It’s essential to use proper techniques when cutting and splitting your firewood for optimal results. Using a sharp blade or axe helps make clean cuts without leaving behind any jagged edges that might prevent pieces from fitting snugly together. Additionally, taking into account the size of your stove or fireplace when splitting logs can help ensure that all pieces are uniform in length and width.

If you’re purchasing pre-split firewood from a supplier, be sure to ask about their methods for cutting and splitting as this can impact how much you get out of each delivery. Choosing high-quality, well-crafted firewood will save both time and money in the long run by reducing depletion rates while providing more heat per stack during cold winter nights.

Moisture Content Of The Wood

As you may already know, moisture content is a crucial factor when it comes to firewood. Wood that is fresh or green contains a high amount of water, which can affect its burning ability and also cause creosote buildup in chimneys. On the other hand, seasoned wood, which has been allowed to dry for at least six months, has lower moisture content and burns better.

It’s worth noting that the ideal moisture content for firewood is around 20%. In general, hardwoods like oak and hickory need longer seasoning times than softwoods like pine or spruce. To determine the moisture content of your firewood, you can use a simple tool called a moisture meter. This will give you an accurate reading so that you know whether your wood is ready to burn.

When buying firewood from a supplier, be sure to ask about the wood’s moisture content before making your purchase. Kiln-dried wood tends to have lower moisture levels than air-dried wood but may come with a higher price tag. Ultimately, investing in well-seasoned wood with optimal moisture levels will save you money in the long run by burning efficiently and reducing creosote buildup in your chimney.

How Many Ricks Of Wood Are In A Cord Of Wood?

To calculate how many ricks of wood are in a cord of wood, one must understand that a cord measures 4x4x8 feet or 128 cubic feet, and a typical rick is piled in a 4×8-foot stack, with each containing between 275 to 325 logs of firewood.

Calculation Of Ricks Of Wood In A Cord Of Wood

When calculating the number of ricks in a cord of wood, it’s important to keep in mind that the size of each rick may vary. However, on average, a standard rick measures 4×8 feet and is filled with about 42 to 64 pieces of firewood. Based on this measurement, there are typically between two and three ricks in a full cord of wood.

To get more specific with the calculation, you could count the number of pieces of firewood in a single rick and use that as your base. For example, let’s say you count 50 pieces per rick. To determine how many ricks are in a full cord (128 cubic feet), divide 128 by the volume taken up by one rick (32 cubic feet) which will give you four. Therefore, there should be around four or slightly less than four full-sized ricks found within one complete cord.

It’s worth noting that buying firewood by the individual “rick” can sometimes lead to confusion since these measurements are not standardized across all sellers. Therefore it’s always best to understand how many cubic feet or cords you need before purchasing any quantity from anyone for proper comparison on price points etc., especially when comparing between different regions like Arkansas versus Kentucky where demand varies wildly depending upon winter weather conditions often leading to fluctuating selling prices based off supply/demand affected depletion cycles within local forests over time etc..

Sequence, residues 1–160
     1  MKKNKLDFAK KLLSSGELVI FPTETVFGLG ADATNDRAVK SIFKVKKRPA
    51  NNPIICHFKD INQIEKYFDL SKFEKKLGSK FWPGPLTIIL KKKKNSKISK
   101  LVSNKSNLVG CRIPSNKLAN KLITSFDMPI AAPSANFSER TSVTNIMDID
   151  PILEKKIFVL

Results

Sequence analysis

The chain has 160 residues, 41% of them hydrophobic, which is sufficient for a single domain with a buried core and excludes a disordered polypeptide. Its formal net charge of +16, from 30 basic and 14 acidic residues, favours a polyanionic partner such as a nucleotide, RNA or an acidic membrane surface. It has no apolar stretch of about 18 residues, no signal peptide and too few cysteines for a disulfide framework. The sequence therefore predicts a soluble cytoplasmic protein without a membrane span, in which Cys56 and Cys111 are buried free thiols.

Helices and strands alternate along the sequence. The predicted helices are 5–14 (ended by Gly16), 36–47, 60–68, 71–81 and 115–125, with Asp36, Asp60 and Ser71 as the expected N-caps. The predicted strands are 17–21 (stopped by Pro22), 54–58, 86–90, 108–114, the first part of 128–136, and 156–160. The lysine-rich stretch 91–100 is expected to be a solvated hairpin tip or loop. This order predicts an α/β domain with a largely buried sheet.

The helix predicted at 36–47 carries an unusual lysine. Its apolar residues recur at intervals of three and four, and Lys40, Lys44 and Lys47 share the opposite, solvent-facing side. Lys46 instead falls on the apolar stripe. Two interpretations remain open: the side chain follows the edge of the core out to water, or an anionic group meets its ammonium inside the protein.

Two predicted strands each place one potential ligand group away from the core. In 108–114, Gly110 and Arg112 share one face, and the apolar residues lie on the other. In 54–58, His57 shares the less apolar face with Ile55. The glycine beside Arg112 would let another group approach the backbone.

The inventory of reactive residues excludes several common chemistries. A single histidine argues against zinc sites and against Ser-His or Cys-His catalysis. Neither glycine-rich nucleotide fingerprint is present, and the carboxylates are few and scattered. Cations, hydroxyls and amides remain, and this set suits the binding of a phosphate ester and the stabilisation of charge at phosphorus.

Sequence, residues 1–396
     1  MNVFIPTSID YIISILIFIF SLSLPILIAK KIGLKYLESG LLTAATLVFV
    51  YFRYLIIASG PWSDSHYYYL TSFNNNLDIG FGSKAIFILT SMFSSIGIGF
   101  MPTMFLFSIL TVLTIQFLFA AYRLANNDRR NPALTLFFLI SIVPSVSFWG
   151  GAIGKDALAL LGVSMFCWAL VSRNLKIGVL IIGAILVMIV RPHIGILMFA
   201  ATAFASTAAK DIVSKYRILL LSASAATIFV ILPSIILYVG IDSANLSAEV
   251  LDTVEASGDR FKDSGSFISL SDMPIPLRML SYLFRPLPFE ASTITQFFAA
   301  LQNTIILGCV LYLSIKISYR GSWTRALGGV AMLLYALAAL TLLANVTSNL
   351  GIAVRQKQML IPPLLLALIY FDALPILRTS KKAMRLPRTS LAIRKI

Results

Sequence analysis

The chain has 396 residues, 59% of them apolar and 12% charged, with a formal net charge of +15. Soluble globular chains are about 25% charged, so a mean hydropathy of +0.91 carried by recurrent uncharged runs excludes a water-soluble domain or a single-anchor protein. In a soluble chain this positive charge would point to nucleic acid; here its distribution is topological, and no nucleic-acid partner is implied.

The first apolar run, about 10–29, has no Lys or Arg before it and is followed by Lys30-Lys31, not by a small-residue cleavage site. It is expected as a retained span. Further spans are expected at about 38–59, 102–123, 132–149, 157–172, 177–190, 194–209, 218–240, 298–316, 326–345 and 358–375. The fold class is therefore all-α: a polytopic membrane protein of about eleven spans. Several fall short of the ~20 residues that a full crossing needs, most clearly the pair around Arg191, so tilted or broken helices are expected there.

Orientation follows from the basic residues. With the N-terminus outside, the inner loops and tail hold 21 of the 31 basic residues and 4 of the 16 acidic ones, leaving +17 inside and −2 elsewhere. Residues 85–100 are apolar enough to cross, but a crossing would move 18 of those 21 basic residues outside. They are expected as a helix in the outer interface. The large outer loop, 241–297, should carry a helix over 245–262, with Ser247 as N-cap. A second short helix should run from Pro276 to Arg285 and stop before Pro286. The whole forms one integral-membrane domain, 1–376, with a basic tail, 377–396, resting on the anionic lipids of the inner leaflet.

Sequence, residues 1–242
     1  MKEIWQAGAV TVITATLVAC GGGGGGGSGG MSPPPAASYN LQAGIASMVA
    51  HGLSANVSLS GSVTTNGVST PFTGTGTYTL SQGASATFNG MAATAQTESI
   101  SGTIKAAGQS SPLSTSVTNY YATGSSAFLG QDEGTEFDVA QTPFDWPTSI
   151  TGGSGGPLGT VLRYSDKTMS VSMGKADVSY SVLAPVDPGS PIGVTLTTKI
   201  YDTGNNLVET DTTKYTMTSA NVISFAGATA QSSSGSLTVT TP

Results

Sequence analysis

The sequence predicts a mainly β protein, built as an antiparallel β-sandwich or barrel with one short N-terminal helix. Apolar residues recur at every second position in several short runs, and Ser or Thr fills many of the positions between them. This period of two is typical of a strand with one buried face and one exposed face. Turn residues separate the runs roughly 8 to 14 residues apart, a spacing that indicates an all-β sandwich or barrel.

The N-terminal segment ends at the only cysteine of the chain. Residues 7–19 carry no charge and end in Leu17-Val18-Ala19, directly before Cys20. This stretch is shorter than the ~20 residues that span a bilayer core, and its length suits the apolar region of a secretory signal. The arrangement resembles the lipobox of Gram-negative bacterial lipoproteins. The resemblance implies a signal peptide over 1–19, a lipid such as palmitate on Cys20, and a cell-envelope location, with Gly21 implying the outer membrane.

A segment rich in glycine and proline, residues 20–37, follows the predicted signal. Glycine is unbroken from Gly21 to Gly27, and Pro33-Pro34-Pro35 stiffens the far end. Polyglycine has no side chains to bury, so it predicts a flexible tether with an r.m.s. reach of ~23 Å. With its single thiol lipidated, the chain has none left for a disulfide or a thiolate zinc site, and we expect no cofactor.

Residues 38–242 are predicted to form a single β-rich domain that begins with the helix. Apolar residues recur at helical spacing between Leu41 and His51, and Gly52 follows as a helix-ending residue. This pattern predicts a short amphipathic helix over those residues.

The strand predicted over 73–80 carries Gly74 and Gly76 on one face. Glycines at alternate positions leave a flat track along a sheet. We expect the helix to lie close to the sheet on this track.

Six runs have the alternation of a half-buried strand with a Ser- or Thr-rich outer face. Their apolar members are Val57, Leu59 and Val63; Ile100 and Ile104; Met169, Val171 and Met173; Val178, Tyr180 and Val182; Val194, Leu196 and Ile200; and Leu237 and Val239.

Choosing The Right Amount Of Firewood For Your Needs

When choosing the amount of firewood you need, it is essential to consider several factors that will affect your decision. Firstly, you should estimate how much wood you’ll need for the winter based on your usage pattern and heating method. For those who rely solely on wood heat, a cord of wood may be enough to last a season. However, if you only use wood as supplemental heat or have mild winters in your area, half or even a quarter cord may suffice.

Secondly, it’s also necessary to ensure that the type and quality of the wood match your needs. Hardwoods such as oak and maple are denser than softwoods like pine and spruce; therefore burn slower but hotter. Kiln-dried woods have lower moisture content than air-dried logs hence burning cleaner with less smoke and ash residue.

Finally, always purchase firewood from reputable sources that can provide accurate measurements and descriptions about their products’ quality before making a purchase decision. The cost of firewood varies depending on location and market demand; however knowing how much you require makes budgeting easier while ensuring steady supply throughout the cold months.


Understanding the measurements of firewood is crucial for any wood-burning enthusiast. There are several terms to be familiar with, including cord, face cord, and rick.

A cord of wood measures 4x4x8 feet or 128 cubic feet, while a rick typically refers to a pile of wood measuring 4×8 feet. In general, a rick carries between 42 and 64 pieces of split and seasoned hardwood or softwood, which equals about one-third of a stacked cord.

The number of ricks in a cord may vary depending on several factors such as quality, moisture content, and how well the wood is cut and split. Remember these tips when purchasing firewood to get the right amount for your needs at an affordable price!

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Last modified: August 18, 2023